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AWS fixes 'FlowFixation' vulnerability for account hijacking

A Tenable researcher discovered a session fixation flaw in AWS Managed Workflows for Apache Airflow that, combined with a misconfiguration, could enable account hijacking.

A new AWS vulnerability discovered by Tenable could have let threat actors access user accounts of orchestration app Amazon Managed Workflows Apache Airflow.

The flaw, dubbed "FlowFixation," was disclosed in a Tenable blog post published Thursday. The flaw, now resolved, affected AWS workflow orchestration tool Amazon Managed Workflows Apache Airflow (MWAA). Tenable senior security researcher and blog post author Liv Matan wrote that if exploited, FlowFixation could have allowed threat actors to hijack a victim's session in MWAA "and that could have resulted in remote code execution (RCE) on the underlying instance, and in lateral movement to other services."

AWS patched the FlowFixation vulnerability, which was not assigned a CVE because it is a cloud vulnerability and does not require any user actions.

Matan said the attack originates from session fixation in the web management panel of MWAA combined with an AWS domain misconfiguration that created potential cross-site scripting threats.

"By abusing the vulnerability, an attacker could have forced victims to use and authenticate the attacker's known session," he wrote in the blog post. "This manipulation could have enabled the attacker to later use the same, now-authenticated session to take over the victim's web management panel."

This misconfiguration can result in same-site attacks such as cookie tossing, in which an attacker exploits the path or naming conventions of a cookie to create malicious cookies to be sent alongside legitimate ones. A fix for this, Matan argued, would have been to list misconfigured domains to the community-powered Public Suffix List (PSL).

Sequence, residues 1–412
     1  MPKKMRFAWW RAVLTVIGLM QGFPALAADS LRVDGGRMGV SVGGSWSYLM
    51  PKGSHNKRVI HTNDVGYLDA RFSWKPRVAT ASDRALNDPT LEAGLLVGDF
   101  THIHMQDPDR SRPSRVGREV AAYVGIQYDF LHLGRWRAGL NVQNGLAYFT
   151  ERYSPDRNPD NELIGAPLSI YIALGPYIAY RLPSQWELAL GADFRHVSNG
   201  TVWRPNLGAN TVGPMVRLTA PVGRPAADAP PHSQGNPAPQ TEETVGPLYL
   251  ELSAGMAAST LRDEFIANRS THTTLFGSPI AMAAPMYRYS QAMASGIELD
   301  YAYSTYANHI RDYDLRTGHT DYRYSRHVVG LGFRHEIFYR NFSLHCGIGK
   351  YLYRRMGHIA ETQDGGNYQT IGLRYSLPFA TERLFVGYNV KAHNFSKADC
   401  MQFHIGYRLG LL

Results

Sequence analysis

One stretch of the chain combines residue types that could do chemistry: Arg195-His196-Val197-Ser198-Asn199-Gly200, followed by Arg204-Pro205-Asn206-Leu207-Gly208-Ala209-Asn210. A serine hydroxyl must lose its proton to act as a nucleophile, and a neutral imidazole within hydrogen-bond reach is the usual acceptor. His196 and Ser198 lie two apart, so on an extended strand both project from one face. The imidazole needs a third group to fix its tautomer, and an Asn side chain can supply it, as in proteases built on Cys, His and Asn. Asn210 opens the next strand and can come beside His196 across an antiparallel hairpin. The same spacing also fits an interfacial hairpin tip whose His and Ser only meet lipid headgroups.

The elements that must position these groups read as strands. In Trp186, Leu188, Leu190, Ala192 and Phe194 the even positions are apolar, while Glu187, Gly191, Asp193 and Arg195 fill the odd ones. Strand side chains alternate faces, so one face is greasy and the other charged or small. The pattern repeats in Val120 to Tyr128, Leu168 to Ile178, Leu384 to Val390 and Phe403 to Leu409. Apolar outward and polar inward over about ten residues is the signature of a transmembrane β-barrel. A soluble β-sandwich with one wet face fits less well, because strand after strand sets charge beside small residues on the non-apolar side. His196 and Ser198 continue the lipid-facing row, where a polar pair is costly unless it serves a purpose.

"Since neither domain is listed in the PSL, the attacker can carry out cookie tossing by simply setting the attacker's known session cookie for the victim's MWAA web management panel (a subdomain of to all shared parent domain subdomains in the victim's browser," Matan wrote. "This action causes the sharing of the set session cookie with the victim's MWAA web management panel."

Matan argued that due to the PSL's ability to eliminate elements of similar cookie-tossing attacks for cloud service providers (CSPs), the lack of relevant public suffixes on the PSL was considered a misconfiguration. As a result, he contacted multiple CSPs. AWS, he said, was highly responsive, and he commended the cloud giant for its efforts in addressing FlowFixation.

AWS spokesperson Patrick Neighorn provided the following statement to TechTarget Editorial:

AWS deployed a fix for these findings in September 2023, so customers running the current version of Amazon Managed Workflows for Apache Airflow (MWAA) are not impacted. We informed affected customers last year and encouraged them to update their environments through the AWS Console, API, or the AWS Command Line Interface. Before we resolved the matter, taking advantage of the findings was a complex process that would have required social engineering.

Microsoft's Azure was similarly amenable and "decided to input to the PSL all the missing domains we had reported to them," Matan wrote.

However, in the case of Google Cloud Platform (GCP), Matan wrote that when he contacted Google and reported that shared parent service domains were at risk given "" -- the default parent domain of websites hosted on the Google Compute Engine -- was not on the PSL, "GCP opted not to fix the issue, saying in a message that it doesn't consider the issue 'severe enough' to track it as a security bug."

Matan described PSL as a "a neglected guardrail" for cloud environments and recommended that CSPs with shared parent service domains use it to prevent same-site attacks. Some companies have already done so. In March 2022, Akamai Technologies announced it would submit several shared domains to the private section of the PSL to address potential security and privacy issues.

TechTarget Editorial contacted Google and Tenable for additional comment, but they hadn't responded at press time.

Alexander Culafi is a senior information security news writer and podcast host for TechTarget Editorial.

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